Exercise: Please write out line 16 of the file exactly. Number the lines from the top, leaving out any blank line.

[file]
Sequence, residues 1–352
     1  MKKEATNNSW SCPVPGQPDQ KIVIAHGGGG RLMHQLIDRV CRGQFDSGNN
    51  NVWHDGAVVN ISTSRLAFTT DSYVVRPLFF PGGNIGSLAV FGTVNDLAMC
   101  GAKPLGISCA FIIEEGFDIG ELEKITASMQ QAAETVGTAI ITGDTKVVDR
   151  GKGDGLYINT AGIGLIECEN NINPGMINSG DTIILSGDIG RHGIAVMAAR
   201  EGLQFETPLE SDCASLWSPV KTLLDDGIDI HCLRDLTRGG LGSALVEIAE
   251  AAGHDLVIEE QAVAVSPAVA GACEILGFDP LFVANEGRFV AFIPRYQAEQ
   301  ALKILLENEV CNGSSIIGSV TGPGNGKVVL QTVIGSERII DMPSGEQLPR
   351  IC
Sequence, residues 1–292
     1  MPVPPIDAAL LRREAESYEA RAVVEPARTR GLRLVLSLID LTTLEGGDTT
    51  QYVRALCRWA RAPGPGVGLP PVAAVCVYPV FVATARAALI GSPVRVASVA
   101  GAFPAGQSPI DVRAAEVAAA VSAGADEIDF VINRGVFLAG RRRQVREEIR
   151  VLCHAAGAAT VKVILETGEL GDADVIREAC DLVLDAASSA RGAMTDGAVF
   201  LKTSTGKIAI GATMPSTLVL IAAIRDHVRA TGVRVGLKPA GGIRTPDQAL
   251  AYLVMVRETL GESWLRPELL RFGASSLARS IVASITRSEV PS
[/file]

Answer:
   251  AYLVMVRETL GESWLRPELL RFGASSLARS IVASITRSEV PS